   Weigh their evidence with the previous
    slides to help you answer the prompt
    presented to you at the beginning.
   Look at the data that you have so far in this
   What does it tell you about the prompt?
   Write a thesis sentence about the prompt.
   The next three slides are evidence against
    prohibiting children from factories.
   Consider them seriously before making a final
   For each document, write down how this might
    influence your decision (DO NOT DISMISS THEM
   (1) William James, speech, House of Commons
    (16th March, 1832)
   I have no doubt that the right honourable member
    (Michael Sadler) is actuated by the best intentions and
    motives, but I think that the course which he pursues
    will fail in attaining the object which he has in view.
    Undoubtedly the system which is pursued in these
    manufactories relating to the working of young children
    is a great evil; but it appears to me that the remedy
    which the honourable gentleman proposes to apply is
    worse than the disease. There appears to me to be only
    a choice of evils - the children must either work or
    starve. If the manufacturer is prevented working his mill
    for more than a certain number of hours together, he
    will often be unable to execute the orders which he may
    receive, and consequently, the purchaser must go to
    foreign countries for a supply. The result will be that you
    will drive the English capitalist to foreign countries,
    where there is no restrictions upon the employment of
    labour and capital.
   (1) William Bolling, speech, House of Commons
    (9th May, 1836)
   I mistrust interference on behalf of the poor which the
    poor are themselves to pay for. Let the question be
    presented honestly and fairly. Let the parents of factory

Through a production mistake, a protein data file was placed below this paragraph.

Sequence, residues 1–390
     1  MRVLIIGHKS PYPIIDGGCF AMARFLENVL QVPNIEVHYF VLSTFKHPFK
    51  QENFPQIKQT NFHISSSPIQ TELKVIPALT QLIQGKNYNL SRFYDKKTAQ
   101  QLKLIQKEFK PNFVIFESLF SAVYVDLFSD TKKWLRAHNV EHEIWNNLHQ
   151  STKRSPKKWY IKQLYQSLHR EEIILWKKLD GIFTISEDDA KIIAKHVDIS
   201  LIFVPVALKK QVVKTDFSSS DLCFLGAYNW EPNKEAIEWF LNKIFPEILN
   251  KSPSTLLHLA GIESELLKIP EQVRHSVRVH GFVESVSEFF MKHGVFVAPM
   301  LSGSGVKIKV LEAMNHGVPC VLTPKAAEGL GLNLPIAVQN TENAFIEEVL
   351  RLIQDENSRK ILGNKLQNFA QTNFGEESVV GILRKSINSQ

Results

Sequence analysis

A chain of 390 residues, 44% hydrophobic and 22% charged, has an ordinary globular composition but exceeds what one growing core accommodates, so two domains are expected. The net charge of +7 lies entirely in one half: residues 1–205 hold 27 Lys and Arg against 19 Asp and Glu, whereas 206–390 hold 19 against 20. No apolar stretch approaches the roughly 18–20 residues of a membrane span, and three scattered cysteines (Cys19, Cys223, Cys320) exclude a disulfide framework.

children know that the diminishing the hours of daily toil
    must diminish the amount of weekly pay. Certainly,
    there are cases of hardship and oppression, but I dislike
    all cases of legislative interference between master and
    man - between parent and child. And, moreover, all such
    interference would be unsuccessful. Your laws to
    regulate wages, and hours of labour, and conditions of
    contract for work - they are merely cobwebs broken
    through at will - because it is the interest of master and
    servant that they should be broken. Cultivate commerce
    with all the nations of the world; this will raise wages
    and will prevent the necessity for exhausting labour.
   (1) Henry Thomas Hope, speech, House of Commons (16th
    March, 1832)
   It is obvious, that if you limit the hours of labour, you will, to nearly
    the same extent, reduce the profits of the capital on which the
    labour is employed. Under these circumstances, the manufacturers
    must either raise the price of the manufactured article or diminish
    the wages of their workmen. If they raise the price of the article the
    foreigner gains an advantage. I am informed that the foreign
    cotton-manufacturers, and particularly the Americans, tread closely
    upon the heels of our manufacturers.
    The right honourable member (Michael Sadler) seems to consider
    that it is desirable for adults to replace children. I cannot concur
    with that opinion, because I think that the labour of children is a
    great resource to their parents and of great benefit to themselves.
    I therefore, on the these grounds, oppose this measure. In the first
    place I doubt whether parliament can protect children as effectively
    as their parents; secondly; because I am of the opinion that a case
    for parliamentary interference has not yet been made out; and
    thirdly, because I believe that the bill will be productive of great
    inconvenience, not only to persons who have embarked large capital
    in the cotton manufactures, but even to workmen and children
    themselves - that I feel it my duty to oppose this measure.
                  Take action
   Now that you’ve seen both sides of the issue,
    what would you say to Parliament?
   Take a look at the initial prompt you were
    given and prepare a one paragraph response.
   First, decide on your opinion/approach
   Next, what evidence are you going to use to
    defend your answer?
   Finally, what language can you use to
    demonstrate your point. Is there an incentive
    for Parliament to address this issue or are you
    going to appeal to their humanity?
                Final product
   You will produce a speech to be read in
    Parliament; one copy will be typed for me to
    read, the other will be summarized on a note
    card for you to refer to in your speech
   Whichever side you choose, you should prepare
    to defend both sides (although you are only
    writing a speech for the side you will defend)
    What do you think and why?

   “Parliament should pass legislation making
    it illegal for children under the age of
    twelve to work in textile factories.”